Having learned their language and customs, Williams gave up the idea of being a missionary and never baptized a single Indian. He was severely criticized by the Puritans for failing to Christianize them, but Williams had arrived at the place in his own thinking that no valid church existed. He said he could have baptized the whole country, but it would have been hypocritical and false. He formed firm friendships and developed deep trust among the Native Americans, especially the Narragansetts. He was able to keep the peace between the Indians and English in Rhode Island for nearly forty years because of his constant mediation and negotiation. He twice surrendered himself as a hostage to the Indians to guarantee the safe return of a great sachem from a summons to a court: Pessicus in 1645 and Metacomet (King Philip) in 1671. He more than any other Englishman was trusted by the Native Americans and proved to be trustworthy. In the end King Philip’s War (1675–1676) was one of the bitterest events in his life as his efforts ended with the burning of Providence in March 1676, including his own house.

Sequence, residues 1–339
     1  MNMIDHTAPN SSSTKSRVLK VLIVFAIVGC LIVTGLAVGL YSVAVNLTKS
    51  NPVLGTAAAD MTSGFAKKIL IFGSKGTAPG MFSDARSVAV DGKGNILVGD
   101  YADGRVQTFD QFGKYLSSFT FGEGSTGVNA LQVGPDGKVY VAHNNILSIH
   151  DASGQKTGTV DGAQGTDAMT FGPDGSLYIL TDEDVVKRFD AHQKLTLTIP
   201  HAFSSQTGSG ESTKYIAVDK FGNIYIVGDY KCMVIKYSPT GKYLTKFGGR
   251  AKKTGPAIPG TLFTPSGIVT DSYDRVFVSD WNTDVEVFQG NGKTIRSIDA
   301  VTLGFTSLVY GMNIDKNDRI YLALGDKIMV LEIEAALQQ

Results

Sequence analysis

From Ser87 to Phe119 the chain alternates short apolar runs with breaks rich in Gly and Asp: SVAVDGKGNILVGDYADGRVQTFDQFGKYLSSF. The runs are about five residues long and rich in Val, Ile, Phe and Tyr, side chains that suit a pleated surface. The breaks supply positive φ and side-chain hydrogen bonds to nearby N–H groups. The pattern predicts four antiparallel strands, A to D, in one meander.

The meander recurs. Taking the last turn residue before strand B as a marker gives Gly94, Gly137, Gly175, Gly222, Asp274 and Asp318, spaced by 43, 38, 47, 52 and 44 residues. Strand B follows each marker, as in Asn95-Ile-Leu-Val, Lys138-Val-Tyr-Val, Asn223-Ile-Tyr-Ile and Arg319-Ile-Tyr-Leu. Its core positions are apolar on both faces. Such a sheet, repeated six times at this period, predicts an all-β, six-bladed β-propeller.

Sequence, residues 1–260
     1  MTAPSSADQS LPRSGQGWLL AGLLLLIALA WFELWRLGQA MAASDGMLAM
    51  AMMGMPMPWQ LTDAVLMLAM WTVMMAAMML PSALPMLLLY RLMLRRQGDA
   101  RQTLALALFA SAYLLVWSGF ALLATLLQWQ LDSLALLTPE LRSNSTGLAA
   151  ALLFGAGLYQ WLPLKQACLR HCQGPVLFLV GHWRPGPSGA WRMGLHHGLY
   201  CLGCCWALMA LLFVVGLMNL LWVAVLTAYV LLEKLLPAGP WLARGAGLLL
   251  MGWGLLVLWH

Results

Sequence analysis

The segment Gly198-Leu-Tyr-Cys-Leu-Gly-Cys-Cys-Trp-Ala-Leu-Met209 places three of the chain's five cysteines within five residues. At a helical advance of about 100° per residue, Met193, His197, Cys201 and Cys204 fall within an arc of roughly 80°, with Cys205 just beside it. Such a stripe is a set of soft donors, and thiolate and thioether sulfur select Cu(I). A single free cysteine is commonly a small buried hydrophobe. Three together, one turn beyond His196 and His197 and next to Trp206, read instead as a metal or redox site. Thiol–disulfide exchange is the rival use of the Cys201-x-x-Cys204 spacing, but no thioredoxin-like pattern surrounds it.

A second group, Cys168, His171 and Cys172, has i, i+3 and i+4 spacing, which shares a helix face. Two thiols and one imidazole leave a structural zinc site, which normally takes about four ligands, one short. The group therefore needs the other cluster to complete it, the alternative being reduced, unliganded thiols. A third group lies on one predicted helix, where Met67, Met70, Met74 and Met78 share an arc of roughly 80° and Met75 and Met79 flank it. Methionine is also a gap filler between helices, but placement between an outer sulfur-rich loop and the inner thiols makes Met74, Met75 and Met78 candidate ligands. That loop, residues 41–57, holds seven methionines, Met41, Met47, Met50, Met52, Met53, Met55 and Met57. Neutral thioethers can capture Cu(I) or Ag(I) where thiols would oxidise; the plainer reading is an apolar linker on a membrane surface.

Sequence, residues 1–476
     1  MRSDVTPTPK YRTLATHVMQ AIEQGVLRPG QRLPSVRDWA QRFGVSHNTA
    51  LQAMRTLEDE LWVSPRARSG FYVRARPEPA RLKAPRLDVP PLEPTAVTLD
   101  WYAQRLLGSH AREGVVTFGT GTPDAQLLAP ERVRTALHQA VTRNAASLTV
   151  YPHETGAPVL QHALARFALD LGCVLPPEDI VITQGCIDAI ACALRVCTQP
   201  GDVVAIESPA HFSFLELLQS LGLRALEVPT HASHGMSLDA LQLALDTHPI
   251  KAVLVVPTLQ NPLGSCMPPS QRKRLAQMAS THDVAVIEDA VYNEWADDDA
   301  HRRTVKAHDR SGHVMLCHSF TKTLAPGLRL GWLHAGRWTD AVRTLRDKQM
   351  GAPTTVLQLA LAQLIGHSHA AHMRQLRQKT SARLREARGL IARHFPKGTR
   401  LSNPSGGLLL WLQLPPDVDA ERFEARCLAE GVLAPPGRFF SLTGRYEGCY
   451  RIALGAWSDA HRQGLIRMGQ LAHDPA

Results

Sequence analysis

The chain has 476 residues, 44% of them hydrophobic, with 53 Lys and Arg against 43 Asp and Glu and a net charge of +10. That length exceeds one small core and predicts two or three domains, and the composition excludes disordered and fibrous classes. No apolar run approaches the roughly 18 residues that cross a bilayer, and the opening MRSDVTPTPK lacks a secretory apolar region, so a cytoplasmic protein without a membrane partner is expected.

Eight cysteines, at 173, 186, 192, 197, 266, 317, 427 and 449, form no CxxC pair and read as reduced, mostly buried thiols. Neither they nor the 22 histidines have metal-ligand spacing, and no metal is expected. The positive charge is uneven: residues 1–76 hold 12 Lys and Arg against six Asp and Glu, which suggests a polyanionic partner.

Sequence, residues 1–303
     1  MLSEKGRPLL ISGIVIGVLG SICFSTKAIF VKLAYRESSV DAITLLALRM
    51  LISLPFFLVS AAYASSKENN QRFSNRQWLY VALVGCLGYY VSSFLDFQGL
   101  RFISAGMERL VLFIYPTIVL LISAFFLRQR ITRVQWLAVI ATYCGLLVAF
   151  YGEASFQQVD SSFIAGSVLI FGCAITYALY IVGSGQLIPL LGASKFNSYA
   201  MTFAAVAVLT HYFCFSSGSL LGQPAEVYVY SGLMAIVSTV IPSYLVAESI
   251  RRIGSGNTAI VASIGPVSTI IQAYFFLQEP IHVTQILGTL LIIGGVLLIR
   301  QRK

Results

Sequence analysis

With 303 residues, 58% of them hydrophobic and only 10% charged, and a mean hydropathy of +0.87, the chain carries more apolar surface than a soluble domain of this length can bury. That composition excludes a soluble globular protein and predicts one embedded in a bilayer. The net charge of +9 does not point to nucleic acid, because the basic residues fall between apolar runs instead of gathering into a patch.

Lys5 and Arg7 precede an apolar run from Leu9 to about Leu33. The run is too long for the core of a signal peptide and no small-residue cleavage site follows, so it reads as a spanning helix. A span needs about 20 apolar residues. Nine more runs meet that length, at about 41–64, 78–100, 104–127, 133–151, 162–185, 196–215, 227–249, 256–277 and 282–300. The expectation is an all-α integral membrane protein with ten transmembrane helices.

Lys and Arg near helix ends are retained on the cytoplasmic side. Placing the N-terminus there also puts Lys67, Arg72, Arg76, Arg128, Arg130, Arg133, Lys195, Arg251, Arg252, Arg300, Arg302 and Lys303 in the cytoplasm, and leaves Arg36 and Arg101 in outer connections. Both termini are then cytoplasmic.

Moore (1963) traces the ‘negative’ approach of the orthodox Puritan writers (Bradford, Winthrop, Morton, Cotton Mather, Hutchinson, Winsor, and Dexter), the ‘romantic’ approach (George Bancroft, Vernon Parrington, Ernst, and Brockunier) and the ‘realistic’ approach (Backus, H. Richard Niebuhr, Roland Bainton, and Hudson), and regards the work of Mauro Calamandrei, who was followed by Perry Miller and Ola Winslow, as crucial. The realistic writers created a synthesis of the earlier interpretations.

Williams has been considered an American hero ever since the Puritans of his own day stopped dominating historical interpretations. His defense of Native Americans, accusations that Puritans had reproduced the evils of the Anglican Church, and denial that the king had authority to grant charters for colonies put him at the center of nearly every political debate during his life. By the time of American independence, however, he was considered a defender of religious freedom and has continued to be praised by generations of historians who have often altered their interpretation of his period as a whole. Historians have been able to appropriate Williams because he was unusual, prolific, and vague.

* Roger Williams Cenotaph in Green-Wood Cemetery, Brooklyn, Kings County, N.Y.
* Roger Williams National Memorial, established in 1965, is a park in downtown Providence.